New brands, proven experts lead a new era in the CT tube market

por Lauren Dubinsky, Senior Reporter | August 13, 2018
CT Parts And Service X-Ray
From the August 2018 issue of HealthCare Business News magazine


The experience that Fitzgerald and his team gained at Dunlee came in handy with this project because reverse engineering of tubes was a core competence for the company.
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Richardson validated the tube by performing in-house testing on OEM CT scanners in their factory in LaFox, Illinois and at their service training and development center in Fort Mill, South Carolina. They ran those assemblies 24/7 from November 2017 to early March, and then began to install the tubes in clinical sites in the U.S.

They met all of their internal and external testing criteria and filed their initial report with the FDA. They conducted a final design review of the product and released the ALTA750 for sale in late May.

The company also contracted an internationally known physicist, Dr. Robert Dixon, to conduct an independent evaluation of the tube’s compatibility with the OEM CT scanner. He concluded that the tube exhibited “comparable performance to the Toshiba Aquilion CT scanner in both dose and image quality arenas.”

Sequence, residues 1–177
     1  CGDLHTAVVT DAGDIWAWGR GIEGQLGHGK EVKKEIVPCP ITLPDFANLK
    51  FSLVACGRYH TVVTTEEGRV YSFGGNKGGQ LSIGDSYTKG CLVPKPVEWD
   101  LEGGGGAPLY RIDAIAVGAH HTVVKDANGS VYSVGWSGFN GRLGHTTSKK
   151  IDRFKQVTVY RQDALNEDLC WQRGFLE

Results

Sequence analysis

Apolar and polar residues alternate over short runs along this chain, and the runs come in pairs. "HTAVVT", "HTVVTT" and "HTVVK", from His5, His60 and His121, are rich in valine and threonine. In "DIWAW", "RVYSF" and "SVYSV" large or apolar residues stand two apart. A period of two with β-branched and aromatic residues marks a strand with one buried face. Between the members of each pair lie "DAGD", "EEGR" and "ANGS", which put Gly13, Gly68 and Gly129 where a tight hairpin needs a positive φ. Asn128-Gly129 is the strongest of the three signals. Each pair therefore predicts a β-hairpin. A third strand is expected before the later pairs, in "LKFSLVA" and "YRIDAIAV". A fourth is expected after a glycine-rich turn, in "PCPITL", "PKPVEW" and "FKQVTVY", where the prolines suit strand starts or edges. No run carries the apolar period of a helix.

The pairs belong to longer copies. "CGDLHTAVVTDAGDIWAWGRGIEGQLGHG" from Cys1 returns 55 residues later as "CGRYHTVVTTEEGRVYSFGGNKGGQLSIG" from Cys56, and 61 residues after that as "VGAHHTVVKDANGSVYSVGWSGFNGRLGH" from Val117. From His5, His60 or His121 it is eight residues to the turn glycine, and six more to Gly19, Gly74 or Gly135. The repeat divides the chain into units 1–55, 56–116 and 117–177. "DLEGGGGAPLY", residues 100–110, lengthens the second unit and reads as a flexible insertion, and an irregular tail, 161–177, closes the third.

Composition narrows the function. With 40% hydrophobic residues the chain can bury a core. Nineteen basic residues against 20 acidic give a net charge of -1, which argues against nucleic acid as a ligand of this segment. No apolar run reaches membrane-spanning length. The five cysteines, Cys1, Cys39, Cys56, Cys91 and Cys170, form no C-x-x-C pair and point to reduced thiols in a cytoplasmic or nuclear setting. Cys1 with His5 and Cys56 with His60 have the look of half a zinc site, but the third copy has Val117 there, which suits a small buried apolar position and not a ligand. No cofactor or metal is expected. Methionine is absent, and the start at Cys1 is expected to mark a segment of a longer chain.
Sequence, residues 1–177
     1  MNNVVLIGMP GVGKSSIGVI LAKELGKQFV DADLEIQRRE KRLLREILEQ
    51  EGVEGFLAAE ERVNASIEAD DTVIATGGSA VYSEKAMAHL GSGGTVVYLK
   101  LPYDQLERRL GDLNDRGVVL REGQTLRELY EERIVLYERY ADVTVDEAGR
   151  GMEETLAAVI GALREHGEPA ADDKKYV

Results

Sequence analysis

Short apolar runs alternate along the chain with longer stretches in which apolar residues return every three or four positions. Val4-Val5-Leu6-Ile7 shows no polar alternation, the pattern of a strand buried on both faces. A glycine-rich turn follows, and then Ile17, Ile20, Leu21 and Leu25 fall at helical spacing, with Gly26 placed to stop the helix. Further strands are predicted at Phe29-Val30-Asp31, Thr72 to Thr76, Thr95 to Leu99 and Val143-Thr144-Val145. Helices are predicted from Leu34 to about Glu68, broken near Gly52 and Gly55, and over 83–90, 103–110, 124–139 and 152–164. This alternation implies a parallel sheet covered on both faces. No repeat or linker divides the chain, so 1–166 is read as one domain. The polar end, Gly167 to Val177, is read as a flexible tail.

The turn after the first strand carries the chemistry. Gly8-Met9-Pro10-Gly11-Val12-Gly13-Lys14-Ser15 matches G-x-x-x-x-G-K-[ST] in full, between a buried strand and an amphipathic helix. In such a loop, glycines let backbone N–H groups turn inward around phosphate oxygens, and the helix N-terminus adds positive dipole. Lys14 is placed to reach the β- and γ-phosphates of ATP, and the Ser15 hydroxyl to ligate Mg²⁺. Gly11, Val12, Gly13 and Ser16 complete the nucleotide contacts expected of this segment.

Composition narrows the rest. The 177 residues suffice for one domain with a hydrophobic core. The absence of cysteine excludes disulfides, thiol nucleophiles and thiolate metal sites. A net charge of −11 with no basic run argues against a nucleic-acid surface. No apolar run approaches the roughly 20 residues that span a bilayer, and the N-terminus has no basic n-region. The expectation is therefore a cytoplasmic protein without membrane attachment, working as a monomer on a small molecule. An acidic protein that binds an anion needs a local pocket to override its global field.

Making big moves
Richardson is not the only tube developer with its eyes on Canon’s fleet of CT systems. Varex Imaging Corporation has had a multi-decade long relationship with Toshiba Medical Systems (now Canon) to supply CT tubes and other X-ray imaging products. Toshiba Medical/Canon renewed its three-year pricing agreement for CT tubes with the Varex in March 2017 that’s worth up to $385 million.

After its spin-off from Varian Medical Systems in January 2017, Varex began making big moves to bolster its position in the imaging space, including the $276 million acquisition of PerkinElmer’s digital detectors imaging business.

Varex also has a one-year pricing agreement with Canon to supply other imaging components, such as digital detectors and high-voltage connectors. Annual sales for those components have ranged from $20 million to $30 million.
Varex builds CT tubes for the OEM space as well as replacement tubes for competitive products. Canon is the company’s biggest customer, but Varex also supplies components to almost every other OEM.

“The biggest thing we have going for us is the fact that we have proven expertise as the largest independent X-ray tube manufacturer,” said Mark Jonaitis, senior vice president and general manager of X-ray sources at Varex. “Companies that don’t primarily manufacture their own X-ray tubes often come to us for their specialty products or for their mainstream products.”

Varex is known for developing and manufacturing CT tubes for OEM customers’ next-generation CT scanners, as well as providing replacement CT tubes. The company also supplies tubes for CT scanners that are relatively low-volume and specialized. Many OEMs would rather have Varex build the tubes for them than make their own R&D commitment to it.

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